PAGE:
Located in Jacksonville FL, the Ritz Theater and Museum, is one of the finest museums in the country dedicated to African American history. Jacksonville is the home of many nationally known personalities including Ray Charles, A. Phillip Randolph, Robert “Bullet Bob” Hayes and Zora Neale Hurston among others…Yet the center piece of the Ritz Museum is not an individual, but song.
“Lift Ev’ry Voice and Sing”, known as the Black National Anthem, the poem by James Weldon and music by Rosamond Johnson was written in 1900. One hundred and thirteen years and over five generations later, the songs popularity remains as resilient as never.
In 1896 the Plessy vs. Ferguson U.S. Supreme Court decision delivered a crushing blow to African American aspirations for equality…Jim crow was up-held and segregation became Law of the Land.
“Plessy vs. Ferguson the most devastating blow to Africans Americans since the end of slavery.” W.E.B. DuBois
It was During the turmoil of Plessy vs Ferguson that the Johnson confronted the “jim crow” musical tradition in which the mention of slavery was forbidden, Blacks were always happy and whites were never to be portrayed in a negative light. Blacks could sing spirituals and gospel songs about the glorious hereafter, but never about the ugliness of slavery or its brutal aftermath. But the second verse lyrics of Lift Ev’ry Voice and Sing radically challenged that odious tradition of jim crow.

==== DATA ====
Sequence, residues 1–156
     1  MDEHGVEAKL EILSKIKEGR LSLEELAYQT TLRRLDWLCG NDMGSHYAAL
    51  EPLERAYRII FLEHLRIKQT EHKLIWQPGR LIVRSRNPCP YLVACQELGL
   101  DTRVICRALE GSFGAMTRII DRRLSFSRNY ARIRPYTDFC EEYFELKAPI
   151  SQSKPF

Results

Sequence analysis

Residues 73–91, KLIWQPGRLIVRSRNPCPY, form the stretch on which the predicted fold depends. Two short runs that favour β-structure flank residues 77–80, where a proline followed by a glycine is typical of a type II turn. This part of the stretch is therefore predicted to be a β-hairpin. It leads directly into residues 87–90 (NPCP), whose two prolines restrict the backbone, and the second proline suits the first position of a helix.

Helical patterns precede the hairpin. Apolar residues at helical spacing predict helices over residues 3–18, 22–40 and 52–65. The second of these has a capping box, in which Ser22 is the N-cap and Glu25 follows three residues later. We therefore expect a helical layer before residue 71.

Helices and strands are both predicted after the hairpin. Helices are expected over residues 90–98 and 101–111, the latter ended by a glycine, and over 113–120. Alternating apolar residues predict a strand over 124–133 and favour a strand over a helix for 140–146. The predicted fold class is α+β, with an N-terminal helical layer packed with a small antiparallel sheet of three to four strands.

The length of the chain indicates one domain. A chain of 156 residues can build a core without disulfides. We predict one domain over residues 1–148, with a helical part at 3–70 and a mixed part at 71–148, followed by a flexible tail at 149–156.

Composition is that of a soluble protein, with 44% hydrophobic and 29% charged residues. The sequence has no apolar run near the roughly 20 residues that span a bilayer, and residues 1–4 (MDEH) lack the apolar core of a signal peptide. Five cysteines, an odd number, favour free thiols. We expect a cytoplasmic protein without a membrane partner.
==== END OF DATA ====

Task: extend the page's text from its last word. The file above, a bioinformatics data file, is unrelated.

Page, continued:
Second verse: Lift Ev’ry Voice and Sing
Stony the road we trod,
bitter the chast'ning rod,
felt in the day that hope unborn had died;
yet with a steady beat,
have not our weary feet,
come to the place on witch our fathers sighed?
we have come over a way that with tears has been watered,
we have come, treading our path through the blood of the slaughtered,
out from the gloomy past, till now we stand at last
where the white gleam of our star is cast.
Words so powerful and rich with symbolism, that they were banned from being sung in some regions. The second verse became the lost verse
Contemporary jazz singers; Billie Holiday “Strange Fruit”, Oscar Browns Jr “Bib Em In” and Nina Simone’s, “Four Women” would also smash the forbidden, but spiritual and gospel maintain a loud silence.
“Some things are painful to hear, but must be said.